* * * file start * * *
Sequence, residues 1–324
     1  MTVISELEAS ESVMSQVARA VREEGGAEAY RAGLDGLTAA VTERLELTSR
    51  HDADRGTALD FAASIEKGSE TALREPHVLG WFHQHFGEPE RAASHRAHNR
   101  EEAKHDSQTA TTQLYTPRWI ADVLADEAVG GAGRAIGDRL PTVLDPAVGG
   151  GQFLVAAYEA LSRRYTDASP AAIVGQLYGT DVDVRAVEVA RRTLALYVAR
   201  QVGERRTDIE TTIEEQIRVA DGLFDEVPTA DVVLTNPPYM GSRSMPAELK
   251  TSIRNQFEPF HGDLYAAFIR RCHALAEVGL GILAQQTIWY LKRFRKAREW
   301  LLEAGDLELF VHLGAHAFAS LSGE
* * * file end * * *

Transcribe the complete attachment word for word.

Sequence, residues 1–324
     1  MTVISELEAS ESVMSQVARA VREEGGAEAY RAGLDGLTAA VTERLELTSR
    51  HDADRGTALD FAASIEKGSE TALREPHVLG WFHQHFGEPE RAASHRAHNR
   101  EEAKHDSQTA TTQLYTPRWI ADVLADEAVG GAGRAIGDRL PTVLDPAVGG
   151  GQFLVAAYEA LSRRYTDASP AAIVGQLYGT DVDVRAVEVA RRTLALYVAR
   201  QVGERRTDIE TTIEEQIRVA DGLFDEVPTA DVVLTNPPYM GSRSMPAELK
   251  TSIRNQFEPF HGDLYAAFIR RCHALAEVGL GILAQQTIWY LKRFRKAREW
   301  LLEAGDLELF VHLGAHAFAS LSGE